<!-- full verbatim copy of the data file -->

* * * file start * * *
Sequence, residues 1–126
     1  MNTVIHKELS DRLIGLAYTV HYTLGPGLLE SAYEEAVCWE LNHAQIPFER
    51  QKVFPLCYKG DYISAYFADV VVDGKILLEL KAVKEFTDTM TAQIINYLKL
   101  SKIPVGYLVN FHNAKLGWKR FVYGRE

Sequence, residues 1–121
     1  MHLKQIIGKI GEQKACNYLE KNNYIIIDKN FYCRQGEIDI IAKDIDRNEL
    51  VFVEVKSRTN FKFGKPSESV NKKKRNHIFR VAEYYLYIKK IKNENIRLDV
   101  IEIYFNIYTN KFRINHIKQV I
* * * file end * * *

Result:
Sequence, residues 1–126
     1  MNTVIHKELS DRLIGLAYTV HYTLGPGLLE SAYEEAVCWE LNHAQIPFER
    51  QKVFPLCYKG DYISAYFADV VVDGKILLEL KAVKEFTDTM TAQIINYLKL
   101  SKIPVGYLVN FHNAKLGWKR FVYGRE

Sequence, residues 1–121
     1  MHLKQIIGKI GEQKACNYLE KNNYIIIDKN FYCRQGEIDI IAKDIDRNEL
    51  VFVEVKSRTN FKFGKPSESV NKKKRNHIFR VAEYYLYIKK IKNENIRLDV
   101  IEIYFNIYTN KFRINHIKQV I